Christian Bioethics 17 (2):105-122 (2011)

Some hold that the revision to directive 58 of the Ethical and Religious Directives for Catholic Health Care Services—which sought to incorporate the language of Pope John Paul II’s 2004 statement regarding the obligation to provide patients in a persistent vegetative state—represents a threat to patient’s end-of-life decisions. I argue this position is unfounded. The revision to the directive, and the statements that inspired this linguistic modification, do not represent a substantive change in the Church’s teaching. I support this position based on two claims. First, in his statement, the Holy Father speaks of food and water and care personnel’s obligation to provide them as relative to the patient’s status as a person. That is, relative to the patient’s human nature, food and water represent a per se useful means for preserving life and, as such, should be considered ordinary and obligatory. Second, since his teaching is directed toward care personnel, John Paul II does not discuss the patient’s judgment of the means with the assumption that the Tradition has already clearly established the legitimacy of patients refusing means they judge to be extraordinary. Finally, I argue that one of the effects of the Pope’s statement is that it manages to reaffirm the Church’s teaching on euthanasia and ordinary and extraordinary means without institutionalizing a particular theologian’s vision of anthropology.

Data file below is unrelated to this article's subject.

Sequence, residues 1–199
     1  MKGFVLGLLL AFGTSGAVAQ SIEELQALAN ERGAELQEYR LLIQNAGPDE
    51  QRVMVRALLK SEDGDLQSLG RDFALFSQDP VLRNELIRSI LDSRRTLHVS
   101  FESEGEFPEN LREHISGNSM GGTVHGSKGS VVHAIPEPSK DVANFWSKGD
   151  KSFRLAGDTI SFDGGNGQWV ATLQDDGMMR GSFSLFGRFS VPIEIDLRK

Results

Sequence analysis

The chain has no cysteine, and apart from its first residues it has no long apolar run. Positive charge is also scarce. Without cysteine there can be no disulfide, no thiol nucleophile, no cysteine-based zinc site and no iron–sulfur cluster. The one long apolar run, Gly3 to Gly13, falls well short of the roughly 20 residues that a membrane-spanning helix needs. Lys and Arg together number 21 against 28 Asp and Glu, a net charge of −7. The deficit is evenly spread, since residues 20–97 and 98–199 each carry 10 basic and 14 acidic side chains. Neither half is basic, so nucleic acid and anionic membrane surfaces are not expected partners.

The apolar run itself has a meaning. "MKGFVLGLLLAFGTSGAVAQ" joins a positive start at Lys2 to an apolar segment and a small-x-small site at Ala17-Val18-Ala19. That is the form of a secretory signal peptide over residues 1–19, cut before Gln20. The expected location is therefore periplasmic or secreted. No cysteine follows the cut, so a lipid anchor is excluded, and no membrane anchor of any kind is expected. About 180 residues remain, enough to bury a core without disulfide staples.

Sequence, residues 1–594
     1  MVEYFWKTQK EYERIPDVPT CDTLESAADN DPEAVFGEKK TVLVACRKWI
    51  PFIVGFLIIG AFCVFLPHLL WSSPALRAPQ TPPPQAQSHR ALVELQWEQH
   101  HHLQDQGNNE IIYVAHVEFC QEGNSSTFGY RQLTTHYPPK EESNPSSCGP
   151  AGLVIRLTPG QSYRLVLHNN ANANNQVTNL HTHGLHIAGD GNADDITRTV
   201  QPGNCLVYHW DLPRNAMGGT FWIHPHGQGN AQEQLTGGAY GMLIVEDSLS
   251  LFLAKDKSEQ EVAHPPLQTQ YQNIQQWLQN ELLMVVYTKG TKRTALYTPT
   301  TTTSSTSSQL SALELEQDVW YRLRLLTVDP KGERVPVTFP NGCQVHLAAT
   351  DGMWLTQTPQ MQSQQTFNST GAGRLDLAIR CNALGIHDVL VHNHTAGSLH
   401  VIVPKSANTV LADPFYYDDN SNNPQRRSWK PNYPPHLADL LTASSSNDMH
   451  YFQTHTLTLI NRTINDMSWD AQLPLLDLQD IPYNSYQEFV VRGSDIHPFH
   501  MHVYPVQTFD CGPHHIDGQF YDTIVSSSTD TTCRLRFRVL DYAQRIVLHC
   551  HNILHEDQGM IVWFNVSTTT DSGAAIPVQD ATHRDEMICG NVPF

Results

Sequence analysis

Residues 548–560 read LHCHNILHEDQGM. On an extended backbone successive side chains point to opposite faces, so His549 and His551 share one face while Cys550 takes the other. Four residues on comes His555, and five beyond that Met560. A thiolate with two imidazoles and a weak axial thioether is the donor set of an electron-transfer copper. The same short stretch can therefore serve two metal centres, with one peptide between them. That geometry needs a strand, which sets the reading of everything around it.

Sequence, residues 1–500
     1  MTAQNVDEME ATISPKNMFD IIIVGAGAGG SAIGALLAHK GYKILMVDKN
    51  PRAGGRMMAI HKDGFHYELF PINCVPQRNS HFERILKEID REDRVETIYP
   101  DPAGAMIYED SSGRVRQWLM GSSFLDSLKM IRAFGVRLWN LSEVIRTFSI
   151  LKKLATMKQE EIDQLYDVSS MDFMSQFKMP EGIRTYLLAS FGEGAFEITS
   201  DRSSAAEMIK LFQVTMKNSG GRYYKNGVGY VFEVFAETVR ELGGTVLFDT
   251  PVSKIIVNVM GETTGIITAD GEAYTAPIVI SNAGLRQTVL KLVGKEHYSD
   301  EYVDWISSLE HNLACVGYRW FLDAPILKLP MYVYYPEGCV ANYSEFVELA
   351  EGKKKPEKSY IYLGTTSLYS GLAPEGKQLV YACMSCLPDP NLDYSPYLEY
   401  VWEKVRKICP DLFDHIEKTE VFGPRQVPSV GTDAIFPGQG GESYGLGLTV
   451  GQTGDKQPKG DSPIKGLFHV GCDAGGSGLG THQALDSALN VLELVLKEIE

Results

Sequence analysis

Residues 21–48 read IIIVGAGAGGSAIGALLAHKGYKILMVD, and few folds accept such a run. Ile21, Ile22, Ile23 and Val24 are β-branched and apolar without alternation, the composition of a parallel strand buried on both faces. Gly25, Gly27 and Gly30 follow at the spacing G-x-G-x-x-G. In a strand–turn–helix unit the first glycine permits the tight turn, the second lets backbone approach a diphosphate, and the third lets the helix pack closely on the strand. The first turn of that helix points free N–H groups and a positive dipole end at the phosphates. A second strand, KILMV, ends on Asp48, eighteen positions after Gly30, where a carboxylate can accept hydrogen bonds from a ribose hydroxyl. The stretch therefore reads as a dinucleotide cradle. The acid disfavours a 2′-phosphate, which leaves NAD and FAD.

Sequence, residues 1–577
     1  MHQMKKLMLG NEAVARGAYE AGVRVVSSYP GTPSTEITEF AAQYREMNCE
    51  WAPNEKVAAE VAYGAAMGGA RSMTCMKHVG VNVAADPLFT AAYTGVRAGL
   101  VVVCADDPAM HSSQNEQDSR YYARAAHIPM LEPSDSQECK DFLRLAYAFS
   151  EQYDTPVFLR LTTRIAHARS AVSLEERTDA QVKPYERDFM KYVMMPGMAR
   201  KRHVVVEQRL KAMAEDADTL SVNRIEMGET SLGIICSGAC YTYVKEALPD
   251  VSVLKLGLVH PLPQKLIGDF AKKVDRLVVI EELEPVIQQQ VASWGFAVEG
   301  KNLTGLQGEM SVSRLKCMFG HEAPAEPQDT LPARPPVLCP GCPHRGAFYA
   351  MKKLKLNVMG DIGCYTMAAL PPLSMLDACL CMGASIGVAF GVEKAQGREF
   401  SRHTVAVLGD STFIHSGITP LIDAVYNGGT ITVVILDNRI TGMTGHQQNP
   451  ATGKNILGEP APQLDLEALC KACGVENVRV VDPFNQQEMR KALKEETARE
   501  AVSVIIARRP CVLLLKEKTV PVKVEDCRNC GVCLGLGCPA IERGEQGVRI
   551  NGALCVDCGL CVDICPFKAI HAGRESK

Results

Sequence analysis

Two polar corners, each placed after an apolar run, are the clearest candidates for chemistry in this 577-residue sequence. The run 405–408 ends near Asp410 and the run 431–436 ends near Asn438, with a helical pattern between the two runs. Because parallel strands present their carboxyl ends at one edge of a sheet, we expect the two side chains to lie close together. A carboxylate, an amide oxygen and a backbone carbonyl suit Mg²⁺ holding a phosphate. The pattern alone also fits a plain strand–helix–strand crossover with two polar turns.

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DOI 10.1093/cb/cbr016
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